We passed through a market square crowded with people, their wares displayed on makeshift tables: tin pans, hunting knives, furs for the trek over the mountains. We saw jars of goose fat, dried figs sold in bunches, fine saddles, and flimsy-looking guns. Strings of freshly plucked ducks, their skin pink and dimpled, hung above one stall. Mal kept his bow and repeating rifle bundled in his pack. The weapons were too finely made not to draw attention.
Children played in the dirt. A squat man in a sleeveless vest was smoking some kind of meat in a big metal drum. I watched him toss a juniper branch inside it, sending up a fragrant, bluish cloud. Zoya scrunched up her nose, but Tolya and Harshaw couldn’t dig out their coins fast enough.
This was where Mal’s family and mine had met death. Somehow the wild, cheerful atmosphere seemed almost unfair. It certainly didn’t match my mood.
I was relieved when Mal said, “I thought it would be more grim.”
“Did you see how small the graveyard was?” I asked under my breath. He nodded. In most of Ravka, the cemeteries were bigger than the towns, but when the Shu had burned these settlements, there had been no one left to mourn the dead.
Though we’d been well provisioned from the stocks at the Spinning Wheel, Mal wanted to buy a map made by a local. We needed to know which trails might be blocked by landslides or where the bridges had been washed out.
A woman with white braids peeking from beneath her orange wool hat sat on a low, painted stool, humming to herself and beating a cowbell to catch the attention of passersby. She hadn’t bothered with a table, but had laid a rug displaying her stock—canteens, saddlebags, maps, and stacks of metal prayer rings—directly on the ground. A mule stood behind her, its long ears twitching off flies, and occasionally, she would reach back and offer it a pat on the nose.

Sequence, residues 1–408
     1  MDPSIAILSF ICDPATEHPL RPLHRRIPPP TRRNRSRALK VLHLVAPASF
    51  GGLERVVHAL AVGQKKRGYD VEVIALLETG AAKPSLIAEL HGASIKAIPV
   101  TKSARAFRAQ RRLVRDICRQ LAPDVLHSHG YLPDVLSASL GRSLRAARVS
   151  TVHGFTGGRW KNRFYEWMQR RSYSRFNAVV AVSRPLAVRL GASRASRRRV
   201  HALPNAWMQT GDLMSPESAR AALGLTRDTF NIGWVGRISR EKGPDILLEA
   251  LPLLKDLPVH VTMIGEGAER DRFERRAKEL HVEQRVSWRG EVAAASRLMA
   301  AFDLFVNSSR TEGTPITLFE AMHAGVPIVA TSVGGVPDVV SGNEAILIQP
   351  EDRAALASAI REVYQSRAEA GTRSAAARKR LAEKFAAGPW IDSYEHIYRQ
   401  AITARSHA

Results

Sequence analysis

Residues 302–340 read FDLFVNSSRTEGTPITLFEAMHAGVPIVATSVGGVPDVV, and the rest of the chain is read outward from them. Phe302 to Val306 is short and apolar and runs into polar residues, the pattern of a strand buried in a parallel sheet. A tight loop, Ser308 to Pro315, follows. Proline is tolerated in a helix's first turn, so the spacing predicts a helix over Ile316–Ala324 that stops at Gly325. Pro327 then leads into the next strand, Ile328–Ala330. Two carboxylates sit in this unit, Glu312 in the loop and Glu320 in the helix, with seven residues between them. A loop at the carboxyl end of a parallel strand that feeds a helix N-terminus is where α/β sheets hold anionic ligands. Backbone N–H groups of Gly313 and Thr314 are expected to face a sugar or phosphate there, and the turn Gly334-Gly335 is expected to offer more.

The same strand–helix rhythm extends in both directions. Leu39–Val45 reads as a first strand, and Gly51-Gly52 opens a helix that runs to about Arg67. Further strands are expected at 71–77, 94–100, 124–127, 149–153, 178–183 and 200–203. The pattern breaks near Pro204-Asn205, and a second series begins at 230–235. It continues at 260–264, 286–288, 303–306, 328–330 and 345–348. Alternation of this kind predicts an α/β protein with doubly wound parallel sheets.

“Snow’s coming soon,” she said, squinting up at the sky as we poked through the maps. “Need blankets for the journey?”
“We’re set,” I said. “Thank you.”
“Lot of people headed over the border.”
“But not you?”
“Too old to go now. Shu, Fjerdans, Fold…” She shrugged. “You sit still, trouble passes you by.”
Or it smacks right into you, then comes back for seconds, I thought bleakly.
Mal held up one of the maps. “I’m not seeing the eastern mountains, only the west.”
“Better off keeping west,” she said. “You trying for the coast?”
“Yes,” Mal lied smoothly, “then on to Novyi Zem. But—”
“Stay west. People don’t come back from the east.”
“Ju weh,” said Tolya. “Ey ye bat e’yuan.”
The woman answered back, and they looked over a map together, conversing in Shu while we waited patiently.
Finally, Tolya handed a different map to Mal. “East,” he said.
The woman jabbed her cowbell at Tolya and asked me, “What are you going to feed that one in the hills? Better make sure he doesn’t put you on a spit.”
Tolya frowned, but the woman laughed so hard she nearly fell off her stool.
Mal added some prayer rings to the maps and gave over his coins.
“Had a brother who went to Novyi Zem,” the woman said, still chuckling as she returned Mal’s change. “Probably rich now. It’s a good place to start a new life.”
Zoya snorted. “Compared to what?”
“It’s really not bad,” said Tolya.
“Dirt and more dirt.”
“There are cities,” Tolya grumbled as we walked away.